Access to Justice

Florida Supreme Court rejects bar committee’s reform proposals, asks for alternatives

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After rejecting several proposals earlier this month that would have opened up Florida’s legal marketplace to nonlawyer financial interests and practitioners, the Florida Supreme Court has tasked the Florida Bar with coming up with alternative plans to strengthen access to justice.

The state bar’s Special Committee to Improve the Delivery of Legal Services released a report last June recommending the creation of the Law Practice Innovation Laboratory Program that would have permitted law firms to experiment with giving nonlawyers noncontrolling equity interests in law firms, as well as allowing paralegals to perform some limited legal tasks.

The committee’s recommendations were modeled after the regulatory sandbox program that Utah launched in 2020 as the centerpiece of regulatory reforms that it adopted to boost access to justice.

However, the Florida Supreme Court indicated in a March 3 letter from its clerk of the court to Joshua E. Doyle, executive director of the Florida Bar, that it only intended to adopt one of the special committee’s recommendations. The lone recommendation to receive a positive response called for amending state bar rules to allow nonprofit legal services providers to organize as a corporation and permit nonlawyers to serve on the boards of directors of those nonprofit providers.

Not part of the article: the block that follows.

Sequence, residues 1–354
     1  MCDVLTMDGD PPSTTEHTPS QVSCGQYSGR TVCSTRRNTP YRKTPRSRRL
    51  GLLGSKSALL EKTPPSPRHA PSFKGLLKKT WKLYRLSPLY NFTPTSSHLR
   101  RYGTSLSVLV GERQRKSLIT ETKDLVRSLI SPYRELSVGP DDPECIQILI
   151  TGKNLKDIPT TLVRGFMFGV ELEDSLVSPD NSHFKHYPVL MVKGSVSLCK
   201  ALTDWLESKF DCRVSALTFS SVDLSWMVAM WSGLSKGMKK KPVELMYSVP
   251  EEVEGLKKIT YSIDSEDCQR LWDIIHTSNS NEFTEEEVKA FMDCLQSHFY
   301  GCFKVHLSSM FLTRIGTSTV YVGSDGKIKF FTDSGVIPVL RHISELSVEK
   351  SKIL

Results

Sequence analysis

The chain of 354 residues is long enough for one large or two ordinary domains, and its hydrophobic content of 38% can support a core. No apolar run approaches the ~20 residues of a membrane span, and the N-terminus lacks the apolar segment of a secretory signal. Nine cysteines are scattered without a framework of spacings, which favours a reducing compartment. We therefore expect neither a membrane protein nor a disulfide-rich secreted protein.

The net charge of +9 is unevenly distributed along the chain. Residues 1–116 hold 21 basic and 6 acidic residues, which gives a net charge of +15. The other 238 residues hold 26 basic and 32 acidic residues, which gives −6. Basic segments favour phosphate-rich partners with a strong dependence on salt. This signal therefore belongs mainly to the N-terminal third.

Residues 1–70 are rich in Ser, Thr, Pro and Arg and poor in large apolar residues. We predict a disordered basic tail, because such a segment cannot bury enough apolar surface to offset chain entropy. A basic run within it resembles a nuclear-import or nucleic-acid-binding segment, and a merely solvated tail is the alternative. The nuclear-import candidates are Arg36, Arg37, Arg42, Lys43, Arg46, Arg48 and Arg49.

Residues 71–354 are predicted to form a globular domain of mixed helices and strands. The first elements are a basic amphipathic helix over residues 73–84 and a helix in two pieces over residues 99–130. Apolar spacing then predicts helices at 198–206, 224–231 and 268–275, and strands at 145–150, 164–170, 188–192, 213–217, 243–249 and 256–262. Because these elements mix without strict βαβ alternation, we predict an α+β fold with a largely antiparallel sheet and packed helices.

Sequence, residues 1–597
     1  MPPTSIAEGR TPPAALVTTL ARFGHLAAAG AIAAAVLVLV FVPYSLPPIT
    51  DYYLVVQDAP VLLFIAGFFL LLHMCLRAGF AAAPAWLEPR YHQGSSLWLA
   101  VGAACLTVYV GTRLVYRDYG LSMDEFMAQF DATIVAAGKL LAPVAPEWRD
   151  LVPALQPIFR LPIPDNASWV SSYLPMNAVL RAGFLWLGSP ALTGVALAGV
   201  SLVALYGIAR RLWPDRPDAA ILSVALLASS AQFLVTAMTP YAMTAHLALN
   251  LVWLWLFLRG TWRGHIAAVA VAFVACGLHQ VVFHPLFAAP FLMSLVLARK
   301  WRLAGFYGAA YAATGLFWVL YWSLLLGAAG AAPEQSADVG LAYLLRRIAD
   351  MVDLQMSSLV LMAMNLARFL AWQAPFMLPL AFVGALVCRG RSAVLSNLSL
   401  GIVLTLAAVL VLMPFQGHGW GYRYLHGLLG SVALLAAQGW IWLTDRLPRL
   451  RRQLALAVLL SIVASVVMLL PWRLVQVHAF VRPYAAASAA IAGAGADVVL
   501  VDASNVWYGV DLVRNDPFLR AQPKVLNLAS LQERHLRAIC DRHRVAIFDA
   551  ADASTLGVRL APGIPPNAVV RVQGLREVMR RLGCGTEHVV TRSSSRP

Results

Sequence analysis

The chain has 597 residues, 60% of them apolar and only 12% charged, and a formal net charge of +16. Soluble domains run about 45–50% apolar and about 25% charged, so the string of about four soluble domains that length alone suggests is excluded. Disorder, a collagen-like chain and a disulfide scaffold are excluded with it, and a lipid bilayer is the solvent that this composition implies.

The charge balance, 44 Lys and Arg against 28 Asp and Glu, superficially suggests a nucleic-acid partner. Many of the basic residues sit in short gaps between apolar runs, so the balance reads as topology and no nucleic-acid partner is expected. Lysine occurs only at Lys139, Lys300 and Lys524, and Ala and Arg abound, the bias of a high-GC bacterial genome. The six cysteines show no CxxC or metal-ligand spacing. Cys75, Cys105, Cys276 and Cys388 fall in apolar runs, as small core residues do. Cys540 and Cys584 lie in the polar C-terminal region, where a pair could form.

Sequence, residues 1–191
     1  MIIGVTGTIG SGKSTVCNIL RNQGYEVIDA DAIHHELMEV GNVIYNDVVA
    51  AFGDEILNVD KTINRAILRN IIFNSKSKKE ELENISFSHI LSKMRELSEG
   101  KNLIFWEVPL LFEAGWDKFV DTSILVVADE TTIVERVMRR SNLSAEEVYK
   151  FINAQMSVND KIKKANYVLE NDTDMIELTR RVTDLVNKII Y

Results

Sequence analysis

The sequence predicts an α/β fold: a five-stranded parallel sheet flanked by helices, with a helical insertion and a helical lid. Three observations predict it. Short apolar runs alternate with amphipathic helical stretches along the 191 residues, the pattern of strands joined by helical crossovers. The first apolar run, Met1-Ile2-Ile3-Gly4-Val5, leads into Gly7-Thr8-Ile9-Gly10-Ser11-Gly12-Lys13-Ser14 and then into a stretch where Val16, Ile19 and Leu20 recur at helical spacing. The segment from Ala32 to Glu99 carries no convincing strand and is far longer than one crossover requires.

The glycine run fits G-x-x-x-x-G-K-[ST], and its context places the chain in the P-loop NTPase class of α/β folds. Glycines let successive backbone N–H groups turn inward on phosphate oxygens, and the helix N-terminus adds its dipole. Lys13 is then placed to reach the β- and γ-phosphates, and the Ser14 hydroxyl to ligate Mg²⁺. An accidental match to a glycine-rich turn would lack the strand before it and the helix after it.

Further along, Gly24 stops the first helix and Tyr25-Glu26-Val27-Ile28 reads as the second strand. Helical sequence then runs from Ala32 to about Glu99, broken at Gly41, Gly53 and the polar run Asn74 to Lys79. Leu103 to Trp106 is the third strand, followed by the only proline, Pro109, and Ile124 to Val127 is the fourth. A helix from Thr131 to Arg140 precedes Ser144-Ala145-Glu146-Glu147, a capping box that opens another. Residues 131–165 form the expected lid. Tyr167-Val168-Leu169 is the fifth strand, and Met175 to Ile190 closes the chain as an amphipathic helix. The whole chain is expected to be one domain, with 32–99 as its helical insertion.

“The court does not intend to adopt the special committee’s other recommendations,” wrote John A. Tomasino, the clerk of the court, in the letter.

But Tomasino wrote that the court “remains committed to ensuring that the rules governing the practice of law not only enforce appropriate ethical standards among Florida lawyers but also meet the needs of Floridians for timely and affordable legal services.” Along the same line, the court has tasked the bar with developing alternative proposals to “improve the delivery of legal services to Florida’s consumers and … assure Florida lawyers play a proper and prominent role in the provision of these services.”

The state bar has been asked to file such a report by Dec. 30. In a December 2021 letter to the state supreme court, the Florida Bar Board of Governors indicated that it rejected most of the special committee’s recommendations, including those that would have amended bar rules within an innovation lab to allow nonlawyer ownership of law firms or attorney fee sharing with nonlawyers.

“I think it’s fair to say that the court has fully acceded to our request that it not adopt the recommendations in the special committee report, which we rejected and has now given us the unique opportunity to take the lead in shaping our profession’s approach to access to justice,” wrote Michael Tanner, president of the Florida Bar, in a March 7 email to the board of governors, according to a recent post on the Florida Bar’s website.

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